October 25, 2010
Disappointed in the lack of enrollment in its voluntary drug testing program, the Cheyenne Mountain School District 12 board said Monday it will make a concerted push to get more parents to sign up their children for the program that is to begin this fall.
So far only about 35 have agreed to participate in the voluntary pilot program at the high school; to make the random testing viable the district’s goal is at least 100.
The district particularly wants to reach parents of athletes and will give presentations at events, such as the upcoming winter sports open house.
“We need to find out pretty quickly if this program will go forward,” said board member Jack Wiepking.
He said he would like to see 100 percent participation by students in some athletic programs.
“We want those afraid to sign up to know that this is a health issue,” he said. “We don’t want kids who could be on drugs or alcohol to be out there on the ice or in the pool.”
He spoke recently at a booster club meeting. “There was applause, there was a lot of support there,” he said.
Superintendent Walt Cooper said in a survey given last spring most of those who participated said they would sign their kids up.
Wiepking noted that many parents have asked him why it is voluntary instead of mandatory.
“I think they want it to be mandatory so that they don’t have to take the heat from their kids,” he said. “Instead, it would be the district’s ‘fault’ that their kids had to be tested. But I really want the parents to have that conversation wtih their kids.”
Wiepking predicted that if they take more time to talk to parents and students, the momentum will be there. “I predict that we’ll get it.”
Senior Isabel Halle, a student council representative, said before the meeting that she likes the idea of the program because it gives students “a good excuse to say no to their peers.”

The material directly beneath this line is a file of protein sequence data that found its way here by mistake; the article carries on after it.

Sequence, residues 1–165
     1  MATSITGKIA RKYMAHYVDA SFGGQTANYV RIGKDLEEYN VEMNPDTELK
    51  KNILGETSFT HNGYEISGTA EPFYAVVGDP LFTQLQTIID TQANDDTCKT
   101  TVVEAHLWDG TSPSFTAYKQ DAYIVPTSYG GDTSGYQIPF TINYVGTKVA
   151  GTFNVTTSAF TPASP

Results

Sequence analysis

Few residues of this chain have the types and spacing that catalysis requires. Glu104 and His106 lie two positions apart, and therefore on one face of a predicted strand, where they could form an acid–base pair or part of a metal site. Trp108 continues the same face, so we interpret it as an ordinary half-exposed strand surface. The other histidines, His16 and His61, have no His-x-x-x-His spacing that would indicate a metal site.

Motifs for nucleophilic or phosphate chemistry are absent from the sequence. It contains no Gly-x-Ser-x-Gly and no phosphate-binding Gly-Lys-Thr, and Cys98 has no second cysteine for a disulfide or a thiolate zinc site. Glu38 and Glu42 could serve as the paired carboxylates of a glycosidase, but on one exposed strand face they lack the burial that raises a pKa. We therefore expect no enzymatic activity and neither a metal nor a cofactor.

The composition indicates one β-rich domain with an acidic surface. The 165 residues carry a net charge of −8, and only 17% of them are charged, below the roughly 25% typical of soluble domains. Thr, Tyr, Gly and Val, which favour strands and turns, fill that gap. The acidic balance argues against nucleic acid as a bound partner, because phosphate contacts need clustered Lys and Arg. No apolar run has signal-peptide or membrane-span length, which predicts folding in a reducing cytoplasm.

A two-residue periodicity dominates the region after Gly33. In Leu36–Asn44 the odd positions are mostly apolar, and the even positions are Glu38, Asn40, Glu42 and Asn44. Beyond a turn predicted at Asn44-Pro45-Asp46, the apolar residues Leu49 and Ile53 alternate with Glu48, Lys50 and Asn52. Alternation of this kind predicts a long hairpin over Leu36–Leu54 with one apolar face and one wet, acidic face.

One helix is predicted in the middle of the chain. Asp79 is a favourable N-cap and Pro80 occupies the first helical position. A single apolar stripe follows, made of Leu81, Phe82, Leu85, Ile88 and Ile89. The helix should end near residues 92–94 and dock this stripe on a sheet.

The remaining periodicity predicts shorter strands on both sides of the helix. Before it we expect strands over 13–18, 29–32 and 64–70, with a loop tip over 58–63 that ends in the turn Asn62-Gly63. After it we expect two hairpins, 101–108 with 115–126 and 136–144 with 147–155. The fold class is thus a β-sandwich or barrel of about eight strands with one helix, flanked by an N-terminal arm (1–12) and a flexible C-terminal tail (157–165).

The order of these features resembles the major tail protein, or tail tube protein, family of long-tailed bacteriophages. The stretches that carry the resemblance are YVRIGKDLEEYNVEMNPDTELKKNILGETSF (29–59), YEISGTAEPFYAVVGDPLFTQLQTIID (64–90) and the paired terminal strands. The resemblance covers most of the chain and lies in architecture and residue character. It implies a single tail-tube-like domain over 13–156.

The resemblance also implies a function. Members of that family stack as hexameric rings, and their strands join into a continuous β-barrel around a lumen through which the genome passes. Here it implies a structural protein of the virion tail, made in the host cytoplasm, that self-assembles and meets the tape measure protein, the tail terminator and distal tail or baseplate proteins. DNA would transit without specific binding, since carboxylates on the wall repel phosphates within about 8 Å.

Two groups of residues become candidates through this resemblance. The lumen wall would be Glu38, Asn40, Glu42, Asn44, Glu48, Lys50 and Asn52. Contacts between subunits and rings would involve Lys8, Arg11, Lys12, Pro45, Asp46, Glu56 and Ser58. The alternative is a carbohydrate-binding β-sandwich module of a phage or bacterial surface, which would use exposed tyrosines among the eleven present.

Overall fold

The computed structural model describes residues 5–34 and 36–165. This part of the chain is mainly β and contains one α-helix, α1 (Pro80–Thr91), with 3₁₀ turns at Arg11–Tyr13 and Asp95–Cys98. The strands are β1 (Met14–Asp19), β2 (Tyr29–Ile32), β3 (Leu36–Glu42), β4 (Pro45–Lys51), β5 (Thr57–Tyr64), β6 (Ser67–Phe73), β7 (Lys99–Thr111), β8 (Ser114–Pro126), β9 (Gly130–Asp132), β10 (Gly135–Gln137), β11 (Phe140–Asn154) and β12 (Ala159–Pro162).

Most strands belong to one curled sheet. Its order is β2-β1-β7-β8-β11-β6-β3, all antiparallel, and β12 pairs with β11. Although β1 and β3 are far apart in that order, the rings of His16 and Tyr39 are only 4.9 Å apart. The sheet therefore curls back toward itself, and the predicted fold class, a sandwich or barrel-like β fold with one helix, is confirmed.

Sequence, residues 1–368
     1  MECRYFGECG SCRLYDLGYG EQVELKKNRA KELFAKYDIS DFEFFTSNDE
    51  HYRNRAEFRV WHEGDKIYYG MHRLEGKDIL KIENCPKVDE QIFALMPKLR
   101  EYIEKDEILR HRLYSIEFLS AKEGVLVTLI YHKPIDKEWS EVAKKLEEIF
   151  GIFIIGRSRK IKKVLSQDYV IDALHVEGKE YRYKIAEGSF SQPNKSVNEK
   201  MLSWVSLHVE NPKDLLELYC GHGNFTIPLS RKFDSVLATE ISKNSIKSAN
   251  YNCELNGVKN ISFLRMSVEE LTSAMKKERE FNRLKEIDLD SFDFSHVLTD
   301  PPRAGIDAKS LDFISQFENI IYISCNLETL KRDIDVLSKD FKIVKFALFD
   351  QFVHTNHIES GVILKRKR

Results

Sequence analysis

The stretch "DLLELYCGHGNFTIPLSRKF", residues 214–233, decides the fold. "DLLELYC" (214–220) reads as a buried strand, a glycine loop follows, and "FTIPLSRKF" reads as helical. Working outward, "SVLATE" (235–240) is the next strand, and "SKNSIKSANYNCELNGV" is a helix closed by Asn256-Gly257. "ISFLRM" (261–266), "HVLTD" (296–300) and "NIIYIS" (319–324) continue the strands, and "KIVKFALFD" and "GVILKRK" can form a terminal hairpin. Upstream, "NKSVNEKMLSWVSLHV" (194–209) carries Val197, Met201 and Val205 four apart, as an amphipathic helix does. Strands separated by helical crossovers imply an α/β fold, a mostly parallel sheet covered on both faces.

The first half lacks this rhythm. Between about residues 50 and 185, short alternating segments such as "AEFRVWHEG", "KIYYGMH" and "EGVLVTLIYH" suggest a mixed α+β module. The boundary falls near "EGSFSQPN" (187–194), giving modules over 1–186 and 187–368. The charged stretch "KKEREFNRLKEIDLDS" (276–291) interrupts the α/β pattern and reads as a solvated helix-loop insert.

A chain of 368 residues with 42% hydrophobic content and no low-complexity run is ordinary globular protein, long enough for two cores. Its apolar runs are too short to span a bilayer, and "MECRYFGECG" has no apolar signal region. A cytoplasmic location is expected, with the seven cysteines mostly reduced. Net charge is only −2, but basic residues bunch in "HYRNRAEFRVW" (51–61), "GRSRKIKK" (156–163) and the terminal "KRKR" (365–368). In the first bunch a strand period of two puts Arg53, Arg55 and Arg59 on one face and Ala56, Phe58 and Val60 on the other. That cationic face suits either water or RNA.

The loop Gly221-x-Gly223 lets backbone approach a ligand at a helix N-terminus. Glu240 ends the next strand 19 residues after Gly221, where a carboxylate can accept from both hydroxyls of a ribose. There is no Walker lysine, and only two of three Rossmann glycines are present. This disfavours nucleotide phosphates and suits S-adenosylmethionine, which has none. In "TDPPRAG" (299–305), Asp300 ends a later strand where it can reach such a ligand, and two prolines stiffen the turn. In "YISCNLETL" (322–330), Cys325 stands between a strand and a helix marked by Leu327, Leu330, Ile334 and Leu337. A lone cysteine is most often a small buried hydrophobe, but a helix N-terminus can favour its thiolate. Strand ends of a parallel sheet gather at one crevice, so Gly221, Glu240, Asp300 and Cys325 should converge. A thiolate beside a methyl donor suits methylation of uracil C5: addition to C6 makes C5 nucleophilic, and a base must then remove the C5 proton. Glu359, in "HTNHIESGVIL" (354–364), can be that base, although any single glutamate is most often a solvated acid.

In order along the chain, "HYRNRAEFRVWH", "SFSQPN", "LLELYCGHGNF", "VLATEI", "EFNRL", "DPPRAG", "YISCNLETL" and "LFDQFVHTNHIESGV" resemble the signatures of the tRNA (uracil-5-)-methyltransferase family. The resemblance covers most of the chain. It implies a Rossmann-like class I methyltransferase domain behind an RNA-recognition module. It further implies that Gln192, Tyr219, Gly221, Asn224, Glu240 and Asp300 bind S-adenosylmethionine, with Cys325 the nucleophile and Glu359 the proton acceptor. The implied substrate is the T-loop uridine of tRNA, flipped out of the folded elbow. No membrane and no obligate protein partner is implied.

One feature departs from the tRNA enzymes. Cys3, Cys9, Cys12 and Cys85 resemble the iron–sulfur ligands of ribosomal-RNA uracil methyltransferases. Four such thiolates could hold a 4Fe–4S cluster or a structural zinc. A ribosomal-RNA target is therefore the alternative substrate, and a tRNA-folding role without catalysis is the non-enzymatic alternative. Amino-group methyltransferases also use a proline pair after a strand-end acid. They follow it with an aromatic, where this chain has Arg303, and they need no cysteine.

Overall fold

She said that her parents had not signed up. “I think they feel that if they want, they can do a test on their own.”
Administrators and board members held several information meetings about the pilot program since school started, but few parents signed on. Some parents expressed concern that the results of such tests might make their way into student records, even though the information was to be confidential.
Others felt it will be a safeguard.
The district spent a year discussing drug testing programs and other efforts to combat underage drug and alcohol use, and in district surveys of parents, students, staff and area residents there was agreement that schools should be proactive.
Under the voluntary program, parents pay a $30 enrollment fee to cover program costs.
Enrollment does not guarantee a student will be tested during a random screenings. The program will be administered by Conspire, a local company that does testing for workplaces and sponsors teen town hall events.
The drug program is part of a larger undertaking started two years ago to rework health education courses. The district receive a $40,000 health and wellness grant from Colorado Department of Education to revise its curriculum.
The district was hit by a drug incident in 2008 when Colorado Springs police uncovered a “significant” black tar heroin problem at Cheyenne Mountain High School. Former students and others were arrested in a bust linked to the school, but no students were arrested.